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Hiroshima & Nagasaki remembered by Baptists

HIROSHIMA, Japan (BP) — Following atomic bombings that leveled the Japanese cities of Hiroshima and Nagasaki 70 years ago this month, Southern Baptists found themselves thinking about just warfare, possible nuclear annihilation and the providence of God. But a longtime missionary to Japan says they missed an evangelistic opportunity.

“We have all heard stories of the great open doors for the Gospel of Jesus Christ in certain lands,” wrote W.H. (Dub) Jackson, a longtime pastor, evangelist and missionary in Japan, “but whatever we have heard, there could never have been a country more open to the Gospel than was Japan following World War II.” Had Southern Baptists sent more missionaries, “we could be talking about a Christian nation today.”

The United States dropped atomic bombs on Hiroshima and Nagasaki Aug. 6 and 9, 1945, respectively, prompting the Japanese to surrender Sept. 2, ending World War II. The only use of nuclear weapons in warfare before or since, the atomic blasts killed some 140,000 people.

Jackson, an American fighter pilot during the war, was among the occupying force in Japan immediately following the surrender. In his memoir “Whatever It Takes,” Jackson wrote of sharing the Gospel with Japanese people during his free time and discovering overwhelming receptivity to Christ. Current International Mission Board missionary to Japan Tak Oue told Baptist Press the spiritual openness stemmed from Japan’s military defeat.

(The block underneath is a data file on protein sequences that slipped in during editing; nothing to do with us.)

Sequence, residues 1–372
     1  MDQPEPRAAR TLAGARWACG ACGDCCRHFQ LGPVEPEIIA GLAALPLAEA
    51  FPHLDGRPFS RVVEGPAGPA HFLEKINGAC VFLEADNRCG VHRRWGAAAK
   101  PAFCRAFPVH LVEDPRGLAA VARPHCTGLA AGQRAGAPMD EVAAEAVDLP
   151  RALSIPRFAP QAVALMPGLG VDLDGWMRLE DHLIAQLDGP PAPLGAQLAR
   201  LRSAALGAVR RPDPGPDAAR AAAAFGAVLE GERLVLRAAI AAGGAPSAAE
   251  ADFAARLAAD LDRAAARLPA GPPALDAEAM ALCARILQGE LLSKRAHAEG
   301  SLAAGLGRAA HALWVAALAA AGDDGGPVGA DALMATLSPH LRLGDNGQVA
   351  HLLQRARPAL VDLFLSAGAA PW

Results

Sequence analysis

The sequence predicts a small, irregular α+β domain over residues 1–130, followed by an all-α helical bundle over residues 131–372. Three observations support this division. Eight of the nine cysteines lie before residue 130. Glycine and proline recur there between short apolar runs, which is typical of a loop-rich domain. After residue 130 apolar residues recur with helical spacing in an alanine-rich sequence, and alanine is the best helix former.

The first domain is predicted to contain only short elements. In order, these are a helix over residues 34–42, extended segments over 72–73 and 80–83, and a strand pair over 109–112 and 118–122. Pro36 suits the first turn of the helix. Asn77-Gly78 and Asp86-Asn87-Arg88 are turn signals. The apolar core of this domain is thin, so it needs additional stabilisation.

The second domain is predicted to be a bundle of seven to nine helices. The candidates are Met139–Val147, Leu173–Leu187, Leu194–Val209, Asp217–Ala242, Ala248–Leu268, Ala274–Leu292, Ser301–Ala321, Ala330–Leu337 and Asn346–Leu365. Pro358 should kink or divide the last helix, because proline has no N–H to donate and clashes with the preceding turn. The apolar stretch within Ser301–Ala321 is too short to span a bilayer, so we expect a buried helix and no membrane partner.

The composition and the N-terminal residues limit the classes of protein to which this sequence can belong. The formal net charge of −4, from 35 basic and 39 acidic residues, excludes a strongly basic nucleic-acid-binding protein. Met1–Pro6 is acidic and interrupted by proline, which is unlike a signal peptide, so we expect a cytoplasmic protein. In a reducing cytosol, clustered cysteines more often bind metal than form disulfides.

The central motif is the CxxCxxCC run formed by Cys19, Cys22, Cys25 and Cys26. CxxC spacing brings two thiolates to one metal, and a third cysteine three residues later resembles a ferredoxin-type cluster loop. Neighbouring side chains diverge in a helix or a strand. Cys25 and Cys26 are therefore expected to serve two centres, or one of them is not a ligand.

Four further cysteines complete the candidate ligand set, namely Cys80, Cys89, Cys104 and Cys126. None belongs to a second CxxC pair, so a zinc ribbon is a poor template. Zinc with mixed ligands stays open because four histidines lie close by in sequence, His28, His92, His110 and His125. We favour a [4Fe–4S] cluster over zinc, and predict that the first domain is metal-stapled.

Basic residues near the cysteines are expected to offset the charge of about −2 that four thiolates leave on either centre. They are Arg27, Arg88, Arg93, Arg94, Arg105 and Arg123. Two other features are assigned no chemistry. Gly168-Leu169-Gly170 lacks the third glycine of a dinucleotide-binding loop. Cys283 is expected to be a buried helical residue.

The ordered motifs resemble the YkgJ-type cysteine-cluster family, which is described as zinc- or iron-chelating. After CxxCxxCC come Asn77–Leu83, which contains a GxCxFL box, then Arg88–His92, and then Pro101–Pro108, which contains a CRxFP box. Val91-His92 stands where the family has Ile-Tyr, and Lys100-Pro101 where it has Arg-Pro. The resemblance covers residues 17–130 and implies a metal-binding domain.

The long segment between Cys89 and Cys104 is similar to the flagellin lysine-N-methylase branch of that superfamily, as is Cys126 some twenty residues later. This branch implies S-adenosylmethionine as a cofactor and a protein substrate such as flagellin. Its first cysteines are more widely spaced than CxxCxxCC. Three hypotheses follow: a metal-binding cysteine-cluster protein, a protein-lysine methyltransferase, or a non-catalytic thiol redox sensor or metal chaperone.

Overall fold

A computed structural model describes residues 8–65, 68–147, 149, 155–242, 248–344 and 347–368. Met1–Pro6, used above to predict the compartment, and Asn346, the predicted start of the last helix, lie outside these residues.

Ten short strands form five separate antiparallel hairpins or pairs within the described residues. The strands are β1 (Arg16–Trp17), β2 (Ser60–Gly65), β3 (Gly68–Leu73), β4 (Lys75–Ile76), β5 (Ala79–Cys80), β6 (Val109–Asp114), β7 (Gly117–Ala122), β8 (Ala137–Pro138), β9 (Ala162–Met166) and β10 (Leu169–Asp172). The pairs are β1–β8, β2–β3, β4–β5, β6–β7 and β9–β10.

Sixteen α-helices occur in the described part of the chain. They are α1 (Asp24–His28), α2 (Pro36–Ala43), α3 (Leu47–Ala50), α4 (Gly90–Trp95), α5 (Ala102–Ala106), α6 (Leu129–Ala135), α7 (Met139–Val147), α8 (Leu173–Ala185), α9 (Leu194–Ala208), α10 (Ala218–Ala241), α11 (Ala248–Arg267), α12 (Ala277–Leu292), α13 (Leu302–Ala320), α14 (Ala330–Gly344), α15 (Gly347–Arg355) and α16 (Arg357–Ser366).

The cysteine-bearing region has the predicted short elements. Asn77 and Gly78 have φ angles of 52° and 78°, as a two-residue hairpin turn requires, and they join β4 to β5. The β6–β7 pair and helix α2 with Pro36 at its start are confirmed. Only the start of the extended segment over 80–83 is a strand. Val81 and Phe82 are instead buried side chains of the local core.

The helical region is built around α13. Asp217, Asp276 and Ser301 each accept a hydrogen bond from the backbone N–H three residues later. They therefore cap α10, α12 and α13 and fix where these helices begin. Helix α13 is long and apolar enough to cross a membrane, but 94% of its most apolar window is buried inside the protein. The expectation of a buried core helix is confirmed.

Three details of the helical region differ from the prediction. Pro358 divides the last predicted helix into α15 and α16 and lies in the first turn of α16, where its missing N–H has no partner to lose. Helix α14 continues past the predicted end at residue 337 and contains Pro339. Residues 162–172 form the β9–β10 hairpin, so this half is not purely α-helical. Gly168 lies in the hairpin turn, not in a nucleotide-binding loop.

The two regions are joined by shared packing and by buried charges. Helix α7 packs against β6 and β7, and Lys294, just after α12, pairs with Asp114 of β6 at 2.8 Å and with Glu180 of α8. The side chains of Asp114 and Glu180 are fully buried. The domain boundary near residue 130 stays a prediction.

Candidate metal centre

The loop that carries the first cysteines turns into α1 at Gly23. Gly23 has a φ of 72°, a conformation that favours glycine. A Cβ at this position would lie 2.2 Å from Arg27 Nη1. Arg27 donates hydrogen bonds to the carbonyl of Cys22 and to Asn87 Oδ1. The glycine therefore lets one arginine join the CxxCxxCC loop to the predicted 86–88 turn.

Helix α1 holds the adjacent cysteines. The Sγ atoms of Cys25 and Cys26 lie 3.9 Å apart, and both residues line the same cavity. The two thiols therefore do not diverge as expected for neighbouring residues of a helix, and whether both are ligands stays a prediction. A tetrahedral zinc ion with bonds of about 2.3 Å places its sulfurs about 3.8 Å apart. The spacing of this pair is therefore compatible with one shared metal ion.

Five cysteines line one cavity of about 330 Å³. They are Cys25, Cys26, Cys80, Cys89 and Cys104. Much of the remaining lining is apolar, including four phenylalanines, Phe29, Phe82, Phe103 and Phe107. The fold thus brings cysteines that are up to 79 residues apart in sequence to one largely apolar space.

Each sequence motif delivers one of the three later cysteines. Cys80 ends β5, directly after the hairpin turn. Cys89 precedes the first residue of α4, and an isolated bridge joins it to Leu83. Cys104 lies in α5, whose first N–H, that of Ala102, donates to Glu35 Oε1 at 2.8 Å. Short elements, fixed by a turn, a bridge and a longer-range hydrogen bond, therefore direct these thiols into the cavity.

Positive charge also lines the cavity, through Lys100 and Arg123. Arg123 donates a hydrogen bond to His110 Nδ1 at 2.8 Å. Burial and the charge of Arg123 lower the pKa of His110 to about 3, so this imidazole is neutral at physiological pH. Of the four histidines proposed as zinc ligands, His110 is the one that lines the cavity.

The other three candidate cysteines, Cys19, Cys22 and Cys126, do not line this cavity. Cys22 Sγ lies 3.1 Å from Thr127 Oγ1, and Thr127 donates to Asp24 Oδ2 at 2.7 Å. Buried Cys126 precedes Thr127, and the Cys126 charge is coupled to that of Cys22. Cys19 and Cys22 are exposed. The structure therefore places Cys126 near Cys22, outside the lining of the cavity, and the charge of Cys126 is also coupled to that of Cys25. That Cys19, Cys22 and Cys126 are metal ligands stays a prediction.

“There were so many people eager to hear [the Gospel] that they were standing outside of the church buildings listening to the message,” Oue said. “I think it was … related to the spiritual vacuum among the Japanese people since the emperor declared himself to be man instead of a god and Christianity was the religion of the conquering nation.”

Yet Southern Baptists did not send a sufficient number of missionaries to Japan, according to Jackson’s estimate, and the nation is less than 1 percent Christian today.

Modern Japanese citizens continue to remember the atomic bombings, said Oue, whose father was a Japanese soldier killed in World War II. Most Japanese are pacifists in part because of the pain associated with being the first and only nation to experience a nuclear attack.

“Japanese people realize that the Japanese military did terrible things to Asian countries,” Oue said. “… I think most people regret what the military did.” Still, “Japanese people have suffered much, and that’s one reason they don’t want to have anything to do with war.”

‘Man has lifted the curtain’

When news of the bombings broke in the U.S., Southern Baptists realized they were living in a historic period. The Baptist New Mexican newsjournal editorialized, “Man has lifted the curtain and has peeped into the very creative mind of God. Unless, however, he has in the same action plumbed the living heart of God, he shall bring the universe into ruins at his stumbling feet.”

The Alabama Baptist noted, “Speculation and theory extending into the realms of fantasy have been reached in the evaluation of the American developed atomic bomb, which is by all conservative estimates, the greatest force of destruction yet perfected and made practical by men of science.”

At least one Southern Baptist denounced the use of nuclear weapons almost immediately. Edwin McNeill Poteat, a former North Carolina pastor who was serving as president of Colgate-Rochester Divinity School in upstate New York, was one of 59 religious and educational leaders to sign a 1945 statement calling the bombings “an atrocity of a new magnitude.”